During the livestream, Driscoll also requested that Baker make time in two weeks to again testify before the Joint Committee on COVID-19 and Emergency Preparedness as it embarks on a series of hearings.

“Well this one’s been so much fun, I’ll certainly look forward to coming back,” the governor said. He added, “Yeah, sure, I’ll come back in a couple of weeks. But part of the reason for that is because I recognize and understand that these challenges are ones that whether you’re in state government, local government, federal government, this thing is a bear to wrestle to the ground and we all, in our own way, have had to deal with that on behalf of our constituents over the course of the past year.”

Governor Baker Announces Plans for Continued Reopening

Today, the Baker-Polito Administration announced that Massachusetts would advance to Step 2 of Phase III of the state’s reopening plan on Monday, March 1, and also announced its plan to transition to Step 1 of Phase IV on Monday, March 22. With public health metrics continuing to trend in a positive direction, including drops in average daily COVID cases and hospitalizations, and vaccination rates continuing to increase, the Administration is taking steps to continue to reopen the Commonwealth’s economy.

The Administration also announced more than $49 million in awards to 1,108 additional small businesses in the eighth round of COVID-19 relief grants administered by the Massachusetts Growth Capital Corporation (MGCC). These new awards are the result of work by MGCC to engage with applicants that meet sector and demographic priorities but are missing certain documents that are necessary to be considered for an award.

Phase III, Step 2:

On May 18, 2020, the Baker-Polito Administration released a four-phased plan to reopen the economy conditioned on sustained improvements in public health data. As of October, 2020, the reopening had proceeded to Step 2 of Phase III of the plan. On December 13, 2020, in response to an increase in new COVID-19 infections and hospitalizations following the Thanksgiving holiday, the Commonwealth returned to Step 1 of Phase III, reducing capacities across a broad range of sectors and tightening several other workplace restrictions.

Since the beginning of this year, key public health data, such as new cases and hospitalizations, have been closely monitored and a significant decline has been documented, allowing for a return to Step 2 of Phase III, effective March 1 for all cities and towns. This includes the following updates to businesses, activities and capacities:

Indoor performance venues such as concert halls, theaters, and other indoor performance spaces will be allowed to reopen at 50% capacity with no more than 500 persons

Indoor recreational activities with greater potential for contact (laser tag, roller skating, trampolines, obstacle courses) will be allowed to reopen at 50% capacity

Capacity limits across all sectors with capacity limits will be raised to 50% and exclude employees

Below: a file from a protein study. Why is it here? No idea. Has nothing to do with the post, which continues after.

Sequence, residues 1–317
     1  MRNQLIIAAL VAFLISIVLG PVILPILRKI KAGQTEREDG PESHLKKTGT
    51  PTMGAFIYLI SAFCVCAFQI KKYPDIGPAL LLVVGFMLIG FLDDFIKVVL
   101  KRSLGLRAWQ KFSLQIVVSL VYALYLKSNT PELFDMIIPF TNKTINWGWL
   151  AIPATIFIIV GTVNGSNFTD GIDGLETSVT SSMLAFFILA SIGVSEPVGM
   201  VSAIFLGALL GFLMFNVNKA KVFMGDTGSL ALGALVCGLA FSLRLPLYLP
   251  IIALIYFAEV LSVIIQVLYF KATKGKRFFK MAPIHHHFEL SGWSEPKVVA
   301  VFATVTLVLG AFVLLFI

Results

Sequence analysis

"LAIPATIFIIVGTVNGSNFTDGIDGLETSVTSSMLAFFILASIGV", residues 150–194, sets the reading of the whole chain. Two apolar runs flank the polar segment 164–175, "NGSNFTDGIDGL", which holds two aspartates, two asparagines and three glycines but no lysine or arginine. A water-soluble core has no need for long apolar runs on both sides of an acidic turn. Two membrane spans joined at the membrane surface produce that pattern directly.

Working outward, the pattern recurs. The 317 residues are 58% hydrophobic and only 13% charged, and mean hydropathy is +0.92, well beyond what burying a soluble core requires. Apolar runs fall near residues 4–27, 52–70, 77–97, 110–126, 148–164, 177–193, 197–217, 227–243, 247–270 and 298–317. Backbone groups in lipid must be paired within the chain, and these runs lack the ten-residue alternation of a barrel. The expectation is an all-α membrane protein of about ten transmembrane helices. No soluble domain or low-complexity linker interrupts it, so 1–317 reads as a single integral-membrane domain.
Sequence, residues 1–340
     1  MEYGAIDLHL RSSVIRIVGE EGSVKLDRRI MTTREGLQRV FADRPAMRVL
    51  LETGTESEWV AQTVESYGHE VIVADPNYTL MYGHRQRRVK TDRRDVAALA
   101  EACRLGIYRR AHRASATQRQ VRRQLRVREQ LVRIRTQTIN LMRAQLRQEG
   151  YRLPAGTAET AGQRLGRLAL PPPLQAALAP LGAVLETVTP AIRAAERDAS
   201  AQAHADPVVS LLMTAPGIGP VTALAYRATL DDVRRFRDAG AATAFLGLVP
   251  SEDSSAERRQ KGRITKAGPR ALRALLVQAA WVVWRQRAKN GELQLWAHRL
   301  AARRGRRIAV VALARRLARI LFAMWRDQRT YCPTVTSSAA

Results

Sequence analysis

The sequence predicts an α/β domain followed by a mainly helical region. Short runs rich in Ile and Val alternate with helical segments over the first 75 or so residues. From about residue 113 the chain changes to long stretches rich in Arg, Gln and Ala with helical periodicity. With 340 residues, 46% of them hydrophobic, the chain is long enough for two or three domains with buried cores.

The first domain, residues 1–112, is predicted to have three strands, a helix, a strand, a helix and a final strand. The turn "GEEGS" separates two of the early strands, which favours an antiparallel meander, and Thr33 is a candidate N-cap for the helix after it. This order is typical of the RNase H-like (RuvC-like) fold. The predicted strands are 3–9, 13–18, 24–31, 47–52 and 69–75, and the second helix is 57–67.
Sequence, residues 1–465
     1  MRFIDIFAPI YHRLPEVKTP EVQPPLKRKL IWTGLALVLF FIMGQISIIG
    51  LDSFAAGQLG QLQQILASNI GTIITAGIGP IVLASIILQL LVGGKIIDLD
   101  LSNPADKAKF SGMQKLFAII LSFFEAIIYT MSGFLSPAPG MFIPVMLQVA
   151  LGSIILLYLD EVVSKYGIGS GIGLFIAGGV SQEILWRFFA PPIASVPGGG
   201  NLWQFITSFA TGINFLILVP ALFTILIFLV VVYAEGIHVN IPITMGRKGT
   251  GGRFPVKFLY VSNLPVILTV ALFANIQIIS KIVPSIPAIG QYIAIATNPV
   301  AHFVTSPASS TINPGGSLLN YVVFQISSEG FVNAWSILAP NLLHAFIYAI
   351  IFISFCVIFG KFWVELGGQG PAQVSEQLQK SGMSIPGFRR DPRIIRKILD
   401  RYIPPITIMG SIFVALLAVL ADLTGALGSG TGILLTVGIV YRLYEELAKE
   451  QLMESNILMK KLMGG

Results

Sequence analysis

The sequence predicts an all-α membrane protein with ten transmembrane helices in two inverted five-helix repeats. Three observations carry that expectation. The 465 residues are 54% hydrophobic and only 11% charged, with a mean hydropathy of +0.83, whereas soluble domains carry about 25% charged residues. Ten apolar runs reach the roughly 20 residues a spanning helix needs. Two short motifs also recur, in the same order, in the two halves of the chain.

Restaurants will no longer have a percent capacity limit and will be permitted to host musical performances; six-foot social distancing, limits of six people per table and 90 minute limits remain in place

Residents must continue to wear masks to prevent the spread of COVID-19, and are encouraged to avoid contact outside of their immediate households. The Travel Advisory and other public health orders remain in effect.

Gathering Changes and Phase IV Start

Provided public health metrics continue to improve, effective on March 22, all communities in Massachusetts will move into Step 1 of Phase IV of the state’s reopening plan. This will open a range of previously closed business sectors under tight capacity restrictions that are expected to be adjusted over time if favorable trends in the public health data continue. Effective on the planned advancement to Step 1 of Phase IV, the following industries will be permitted to operate at a strict 12% capacity limit after submitting a plan to the Department of Public Health (DPH):

Indoor and outdoor stadiums

Also effective on March 22, gathering limits for event venues and in public settings will increase to 100 people indoors and 150 people outdoors. Outdoor gatherings at private residences and in private backyards will remain at a maximum of 25 people, with indoor house gatherings remaining at 10 people.

Additionally, dance floors will be permitted at weddings and other events only, and overnight summer camps will be allowed to operate this coming summer. Exhibition and convention halls may also begin to operate, following gatherings limits and event protocols. Other Phase IV sectors must continue to remain closed.

COVID-19 Business Relief Grants

Today, an additional 1,108 businesses are receiving COVID-19 relief grants totaling more than $49 million in awards to help with expenses like payroll, benefits, utilities and rent. To date, the Baker-Polito Administration has awarded more than $563 million in direct financial support to 12,320 businesses impacted by the pandemic through the Small Business and Sector-Specific Grant Programs.

Each business meets sector and demographic priorities set for the two grant programs. More than half of grantees are restaurants, bars, caterers, operators of personal services like hair and nail salons, and independent retailers. Over half of the businesses receiving relief are women-and-minority-owned enterprises.

Today’s awards are the result of a process by MGCC to engage directly with applicants that met sector and demographic priorities but were missing documents necessary to be considered for an award. MGCC is continuing to work with business owners in targeted sectors and demographic groups to allow for applicants to submit necessary documents.